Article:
Minimal cocktail for growing human embryonic stem cells established
30 March, 2007
Researchers at Yale have established the minimal nutritional requirements for growing and maintaining human embryonic stem cells, a recipe that is critical for clinical application and for developmental studies, according to an early online report this week in Proceedings of the National Academy of Sciences.
Power plants are major influence in regional mercury emissions
29 March, 2007
The amount of mercury emitted into the atmosphere in the Northeast fluctuates annually depending on activity in the electric power industry, according to researchers at the Yale School of Forestry & Environmental Studies.
Brain compensates for aging by becoming less Specialized
29 March, 2007
One of two separate areas of the brain light up when younger people look at a house or a face, but each image activates both areas of the brain at the same time in older persons, according to a study published by Yale University and the University of Illinois, Urbana-Champaign, this month in NeuroReport.
Making a Face: A new and earlier marker of neural crest development
28 March, 2007
The fate of cells that go on to form the face, skull and nerve centers of the head and neck in vertebrates is determined much earlier in development than previously thought, and is independent of interaction with other forming tissues, according to a recent study published in the journal Nature.
Conscious and unconscious memory linked in storing new information
28 March, 2007
The way the brain stores new, conscious information such as a first kiss or a childhood home is strongly linked to the way the human brain stores unconscious information, researchers at Yale report this month in an article featured on the cover of Neuron.
Adult male circumcision could reduce the HIV epidemic in Africa
27 March, 2007
Even modest programs advocating adult male circumcision can substantially prevent HIV infections and should be implemented immediately, researchers at Yale School of Medicine reported recently at the 16th International AIDS Conference in Toronto.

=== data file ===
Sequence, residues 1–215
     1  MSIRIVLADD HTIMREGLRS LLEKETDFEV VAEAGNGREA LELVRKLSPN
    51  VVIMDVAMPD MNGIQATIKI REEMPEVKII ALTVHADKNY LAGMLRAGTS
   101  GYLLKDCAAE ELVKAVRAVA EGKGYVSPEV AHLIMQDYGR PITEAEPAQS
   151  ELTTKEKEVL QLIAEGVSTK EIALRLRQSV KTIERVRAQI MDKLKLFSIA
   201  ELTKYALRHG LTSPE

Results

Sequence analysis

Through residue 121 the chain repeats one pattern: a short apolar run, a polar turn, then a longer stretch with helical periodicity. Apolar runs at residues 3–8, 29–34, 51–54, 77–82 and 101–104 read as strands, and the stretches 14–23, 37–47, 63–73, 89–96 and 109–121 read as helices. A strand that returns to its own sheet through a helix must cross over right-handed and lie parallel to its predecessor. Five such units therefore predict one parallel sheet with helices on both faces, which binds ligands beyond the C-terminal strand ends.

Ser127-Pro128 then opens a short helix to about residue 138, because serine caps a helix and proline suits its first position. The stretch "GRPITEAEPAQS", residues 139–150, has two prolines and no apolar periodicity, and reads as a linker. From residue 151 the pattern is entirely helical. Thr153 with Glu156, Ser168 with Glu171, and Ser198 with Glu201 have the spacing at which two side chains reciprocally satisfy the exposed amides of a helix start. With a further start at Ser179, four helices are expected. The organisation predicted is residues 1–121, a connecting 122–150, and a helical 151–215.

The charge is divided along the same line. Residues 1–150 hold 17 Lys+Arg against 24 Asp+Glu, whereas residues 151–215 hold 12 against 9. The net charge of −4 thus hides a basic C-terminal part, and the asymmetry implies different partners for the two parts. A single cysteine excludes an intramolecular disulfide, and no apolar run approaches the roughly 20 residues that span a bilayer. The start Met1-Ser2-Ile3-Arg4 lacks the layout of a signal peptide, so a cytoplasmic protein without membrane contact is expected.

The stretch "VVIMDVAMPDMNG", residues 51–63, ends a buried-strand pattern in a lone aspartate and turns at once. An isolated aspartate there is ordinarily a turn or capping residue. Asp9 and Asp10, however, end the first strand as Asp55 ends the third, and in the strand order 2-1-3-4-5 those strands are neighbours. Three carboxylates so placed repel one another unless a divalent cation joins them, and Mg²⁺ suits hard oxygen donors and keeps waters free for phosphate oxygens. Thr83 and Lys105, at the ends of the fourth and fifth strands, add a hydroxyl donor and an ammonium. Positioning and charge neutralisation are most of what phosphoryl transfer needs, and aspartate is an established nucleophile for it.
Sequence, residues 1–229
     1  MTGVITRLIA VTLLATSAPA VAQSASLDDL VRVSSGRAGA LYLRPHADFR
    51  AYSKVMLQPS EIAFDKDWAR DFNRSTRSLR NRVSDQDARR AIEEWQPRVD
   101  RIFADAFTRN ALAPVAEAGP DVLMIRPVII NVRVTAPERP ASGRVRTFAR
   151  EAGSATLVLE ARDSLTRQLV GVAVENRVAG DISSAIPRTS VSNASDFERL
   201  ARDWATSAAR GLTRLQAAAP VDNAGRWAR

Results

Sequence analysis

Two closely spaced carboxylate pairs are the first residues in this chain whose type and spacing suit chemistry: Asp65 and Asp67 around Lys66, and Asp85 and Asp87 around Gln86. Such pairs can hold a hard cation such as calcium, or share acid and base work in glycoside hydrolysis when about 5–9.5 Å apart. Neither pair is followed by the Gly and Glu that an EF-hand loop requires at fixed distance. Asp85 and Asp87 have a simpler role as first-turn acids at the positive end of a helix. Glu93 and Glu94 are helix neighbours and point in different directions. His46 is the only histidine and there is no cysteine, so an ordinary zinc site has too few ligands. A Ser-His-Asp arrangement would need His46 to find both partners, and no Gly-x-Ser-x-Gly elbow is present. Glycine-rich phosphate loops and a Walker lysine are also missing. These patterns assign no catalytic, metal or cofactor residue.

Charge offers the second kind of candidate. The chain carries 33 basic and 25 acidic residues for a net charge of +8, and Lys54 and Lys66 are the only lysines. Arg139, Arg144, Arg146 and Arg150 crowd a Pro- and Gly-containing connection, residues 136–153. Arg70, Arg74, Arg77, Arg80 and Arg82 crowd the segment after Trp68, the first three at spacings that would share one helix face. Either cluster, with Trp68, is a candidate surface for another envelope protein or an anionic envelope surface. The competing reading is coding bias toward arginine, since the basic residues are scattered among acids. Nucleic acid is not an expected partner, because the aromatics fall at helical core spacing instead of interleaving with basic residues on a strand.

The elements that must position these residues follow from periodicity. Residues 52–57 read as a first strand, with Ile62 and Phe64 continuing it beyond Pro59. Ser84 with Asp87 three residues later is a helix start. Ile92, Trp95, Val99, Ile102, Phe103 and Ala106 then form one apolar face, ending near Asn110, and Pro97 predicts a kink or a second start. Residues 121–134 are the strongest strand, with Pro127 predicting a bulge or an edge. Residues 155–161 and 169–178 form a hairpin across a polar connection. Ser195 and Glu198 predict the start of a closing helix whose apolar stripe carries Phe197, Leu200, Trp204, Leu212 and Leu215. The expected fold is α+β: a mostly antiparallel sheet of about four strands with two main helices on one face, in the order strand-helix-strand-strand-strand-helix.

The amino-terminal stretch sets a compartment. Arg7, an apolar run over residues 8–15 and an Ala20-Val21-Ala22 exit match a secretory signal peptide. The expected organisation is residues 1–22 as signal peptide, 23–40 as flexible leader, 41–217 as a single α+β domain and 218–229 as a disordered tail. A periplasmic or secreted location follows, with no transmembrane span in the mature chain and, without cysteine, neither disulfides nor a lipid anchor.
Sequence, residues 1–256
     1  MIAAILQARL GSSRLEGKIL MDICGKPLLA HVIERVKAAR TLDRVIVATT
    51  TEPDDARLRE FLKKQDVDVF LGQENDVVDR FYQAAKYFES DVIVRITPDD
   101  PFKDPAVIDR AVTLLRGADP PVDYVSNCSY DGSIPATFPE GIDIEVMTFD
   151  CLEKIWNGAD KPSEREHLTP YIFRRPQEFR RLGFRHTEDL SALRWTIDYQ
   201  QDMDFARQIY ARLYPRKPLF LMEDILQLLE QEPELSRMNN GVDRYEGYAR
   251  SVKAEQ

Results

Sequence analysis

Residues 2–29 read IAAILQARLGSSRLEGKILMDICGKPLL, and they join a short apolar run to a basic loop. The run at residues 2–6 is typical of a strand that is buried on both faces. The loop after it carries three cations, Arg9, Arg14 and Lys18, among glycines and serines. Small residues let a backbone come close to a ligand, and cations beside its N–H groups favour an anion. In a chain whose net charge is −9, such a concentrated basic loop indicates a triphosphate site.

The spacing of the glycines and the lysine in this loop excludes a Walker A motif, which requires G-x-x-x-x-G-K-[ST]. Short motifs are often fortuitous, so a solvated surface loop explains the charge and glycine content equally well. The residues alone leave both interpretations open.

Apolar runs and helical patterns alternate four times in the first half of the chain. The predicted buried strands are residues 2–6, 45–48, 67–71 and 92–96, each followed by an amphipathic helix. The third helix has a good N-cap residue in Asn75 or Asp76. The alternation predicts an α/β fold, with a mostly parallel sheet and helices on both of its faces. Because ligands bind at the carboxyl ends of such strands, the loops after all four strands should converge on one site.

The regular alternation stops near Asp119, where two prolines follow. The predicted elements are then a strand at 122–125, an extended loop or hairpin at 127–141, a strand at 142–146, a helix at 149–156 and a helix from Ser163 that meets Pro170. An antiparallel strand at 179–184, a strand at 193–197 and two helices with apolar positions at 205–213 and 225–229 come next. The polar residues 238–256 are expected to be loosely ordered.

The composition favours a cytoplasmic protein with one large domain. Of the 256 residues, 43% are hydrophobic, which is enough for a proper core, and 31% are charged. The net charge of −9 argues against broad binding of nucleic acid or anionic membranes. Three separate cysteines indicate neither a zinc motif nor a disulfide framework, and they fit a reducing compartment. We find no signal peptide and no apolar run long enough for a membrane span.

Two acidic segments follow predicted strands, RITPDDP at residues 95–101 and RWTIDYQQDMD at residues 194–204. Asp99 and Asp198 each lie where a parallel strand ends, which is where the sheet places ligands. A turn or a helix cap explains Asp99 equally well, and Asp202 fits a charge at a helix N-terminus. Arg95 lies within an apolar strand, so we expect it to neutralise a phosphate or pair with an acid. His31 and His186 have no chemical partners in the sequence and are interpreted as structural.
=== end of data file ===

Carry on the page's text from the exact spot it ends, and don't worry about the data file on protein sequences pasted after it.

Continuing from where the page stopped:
Large family study pinpoints genetic linkage in drug addiction
27 March, 2007
Based on data obtained from one of the largest family sets of its kind, Yale School of Medicine researchers have identified a genetic linkage for dependence on drugs such as heroin, morphine and oxycontin.
Controlling behavior of children with tourette and tic disorders
26 March, 2007
A program to train parents how to manage the disruptive behavior of children with Tourette syndrome and tic disorders works well, according to a pilot study conducted by Yale School of Nursing and the Yale Child Study Center.
Brain communicates in analog and digital modes simultaneously
26 March, 2007
Contrary to popular belief, brain cells use a mix of analog and digital coding at the same time to communicate efficiently, according to a study by Yale School of Medicine researchers published this week in Nature.
Bacterial protein shows promise for treating intestinal parasites
25 March, 2007
Scientists at the University of California, San Diego and Yale University have discovered that a natural protein produced by Bacillus thuringiensis, the bacterium sprayed on crops by organic farmers to reduce insect damage, is highly effective at treating hookworm infections in laboratory animals.
Yale researchers find environmental toxins disruptive to hearing in mammals
25 March, 2007
Yale School of Medicine researchers have new data showing chloride ions are critical to hearing in mammals, which builds on previous research showing a chemical used to keep barnacles off boats might disrupt the balance of these ions in ear cells.
Leptin has powerful effect on reward center in the brain
24 March, 2007
Leptin, a hormone critical for normal food intake and metabolism, exerts a strong effect on appetite by acting in the mid-brain region as well as in the hypothalamus, according to a Yale School of Medicine study in Neuron.
Osteoporosis drug as effective as Tamoxifen in preventing invasive breast cancer
24 March, 2007
Initial results of the Study of Tamoxifen and Raloxifene, in which Yale Cancer Center participated, show that the drug raloxifene, currently used to prevent and treat osteoporosis in postmenopausal women, works as well as tamoxifen in reducing breast cancer risk for postmenopausal women at increased risk of the disease.
Two proteins have unexpected effects on autoimmune diseases such as lupus
23 March, 2007
Blocking the effect of individual immune system proteins that normally recognize viruses and bacteria produces surprisingly different effects on the severity of autoimmune diseases such as Lupus, researchers at Yale School of Medicine report in the September issue of Immunity. Drugs that target these proteins could be important therapies for autoimmunity.
Telemonitoring to reduce hospitalizations among heart failure patients
23 March, 2007
In NIH-sponsored study to determine whether a system of monitoring symptoms and weight by telephone can reduce hospitalizations in heart failure patients, is being launched at Yale School of Medicine.
New biomarker predicts survival in colorectal cancer
22 March, 2007
The location and amount of a protein within two separate compartments of a tumor cell may be critical markers predicting survival in colorectal cancer, according to a study at Yale School of Medicine.
Onset of Psychosis may be delayed by medication
22 March, 2007
For young people who clearly seem to be developing early signs of schizophrenia, treatment with the antipsychotic drug olanzapine appears to lower or delay the rate of conversion to full-blown psychosis, according to an article by a Yale School of Medicine researcher in the May issue of The American Journal of Psychiatry.